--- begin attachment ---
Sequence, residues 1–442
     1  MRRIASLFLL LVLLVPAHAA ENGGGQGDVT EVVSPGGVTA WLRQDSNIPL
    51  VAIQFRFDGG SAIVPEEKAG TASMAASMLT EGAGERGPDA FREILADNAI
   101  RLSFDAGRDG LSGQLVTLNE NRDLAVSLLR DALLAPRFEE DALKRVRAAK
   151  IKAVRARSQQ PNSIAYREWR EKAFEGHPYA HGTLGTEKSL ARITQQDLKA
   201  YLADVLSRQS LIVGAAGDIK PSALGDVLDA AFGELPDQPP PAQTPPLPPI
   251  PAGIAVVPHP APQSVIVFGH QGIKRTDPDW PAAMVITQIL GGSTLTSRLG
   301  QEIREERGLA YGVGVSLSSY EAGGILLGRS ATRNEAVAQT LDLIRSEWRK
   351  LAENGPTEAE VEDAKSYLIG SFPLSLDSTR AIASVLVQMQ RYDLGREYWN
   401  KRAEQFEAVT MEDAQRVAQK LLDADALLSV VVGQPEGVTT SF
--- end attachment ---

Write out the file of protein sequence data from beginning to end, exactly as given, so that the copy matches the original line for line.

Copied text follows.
Sequence, residues 1–442
     1  MRRIASLFLL LVLLVPAHAA ENGGGQGDVT EVVSPGGVTA WLRQDSNIPL
    51  VAIQFRFDGG SAIVPEEKAG TASMAASMLT EGAGERGPDA FREILADNAI
   101  RLSFDAGRDG LSGQLVTLNE NRDLAVSLLR DALLAPRFEE DALKRVRAAK
   151  IKAVRARSQQ PNSIAYREWR EKAFEGHPYA HGTLGTEKSL ARITQQDLKA
   201  YLADVLSRQS LIVGAAGDIK PSALGDVLDA AFGELPDQPP PAQTPPLPPI
   251  PAGIAVVPHP APQSVIVFGH QGIKRTDPDW PAAMVITQIL GGSTLTSRLG
   301  QEIREERGLA YGVGVSLSSY EAGGILLGRS ATRNEAVAQT LDLIRSEWRK
   351  LAENGPTEAE VEDAKSYLIG SFPLSLDSTR AIASVLVQMQ RYDLGREYWN
   401  KRAEQFEAVT MEDAQRVAQK LLDADALLSV VVGQPEGVTT SF